They’ve also had some shockers though, including being dismissed for 36 by Sri Lanka in the same tournament. They were also routed for 45 against England in 1979. Canada will be relying on expats for now but hopefully native Canadians will be inspired to take up the game and break into the national side.


Not that long ago Denmark were one of the there or there about nations beyond the Test world. Their place on the cricket scene was somewhat akin to how Netherlands have been in the past couple of decades. Players such as Ole Mortensen and Freddie Klokker appeared on the county circuit with Mortensen averaging just 23.88 with the ball in the First Class game. When Demark defeated Israel by all ten wickets at the 1994 ICC Trophy, Mortensen claimed figures of 7-19! They’ve somewhat fallen away since, though former England Test player Amjad Khan has helped them return to prominence in recent years. Expats are almost vital to developing cricket in the associate nations but it’s great to see some young local talent in the Denmark squad. Danish born Klokker who was on the books of both Warwickshire and Derbyshire tends to don the gloves these days and his county experience complete with First Class hundreds will be vital if the Danes are to be great again!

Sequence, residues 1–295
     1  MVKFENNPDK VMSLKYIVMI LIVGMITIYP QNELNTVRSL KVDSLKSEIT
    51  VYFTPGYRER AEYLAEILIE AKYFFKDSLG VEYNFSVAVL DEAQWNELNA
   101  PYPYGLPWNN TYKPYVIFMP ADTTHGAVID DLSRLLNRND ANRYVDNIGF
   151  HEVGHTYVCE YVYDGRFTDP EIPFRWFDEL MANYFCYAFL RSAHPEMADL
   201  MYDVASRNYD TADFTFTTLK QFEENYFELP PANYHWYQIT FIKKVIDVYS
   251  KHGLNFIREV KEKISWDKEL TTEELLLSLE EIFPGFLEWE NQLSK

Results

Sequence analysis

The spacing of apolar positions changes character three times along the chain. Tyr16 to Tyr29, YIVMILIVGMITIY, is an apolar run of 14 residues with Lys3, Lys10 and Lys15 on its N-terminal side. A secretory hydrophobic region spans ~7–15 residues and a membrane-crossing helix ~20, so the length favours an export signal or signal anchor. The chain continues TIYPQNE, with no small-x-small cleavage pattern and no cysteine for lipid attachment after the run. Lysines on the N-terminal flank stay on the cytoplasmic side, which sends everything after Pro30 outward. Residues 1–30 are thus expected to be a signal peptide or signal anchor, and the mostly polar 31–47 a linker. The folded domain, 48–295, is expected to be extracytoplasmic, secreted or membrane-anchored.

In bygone years Fiji benefited from their proximity to Australia. They even toured Oz and hosted New Zealand as well as been regulars in the ICC Trophy. In recent years they’ve been well down the ICC World Cricket League spectrum, falling as low as division seven. Their squad is full of indigenous talent including many players still in their teens.

When Fiji defeated Wellington in a First Class fixture in 1948, it was the man with the longest name (IL Bula) in cricket history who led the way with 88 in Fiji’s second innings to set the Pacific islanders up for a heart-pumping one-wicket win…


Rwanda have put a lot of effort into raising the profile of cricket in their country and if for no other reason than their cricket ground is so beautiful then it’s to be hoped that they can join the African forces to be reckoned with.

Captain Eric Dusingizimana famously broke a world record with an epic fifty-one hour net session.

South Korea

South Korea have played at the Asian Games but looked like they’d have made a good ODI side ten years ago. Technically correct they’ll need to adapt their skills to T20I cricket. The talent and hunger is there and it’d be great to see a side from the Far East come to the fore in the cricket world. Maybe some of their players can have great Koreas (Careers!)… sorry!

On the subject of Associate Cricket, Roy Morgan’s Real International Cricket: A History in One Hundred Scorecards is well, well worth reading. Tim Brooks’ Cricket On the Continent as well as Second XI: Cricket in it’s Outposts by Tim Wigmore and Peter Miller are also essential reads for the Associate fan.

Openers Only!


This article is about something I hate. It’s about something that I detest seeing when playing village cricket and came to my attention again whilst reading Roy Morgan’s Real International Cricket…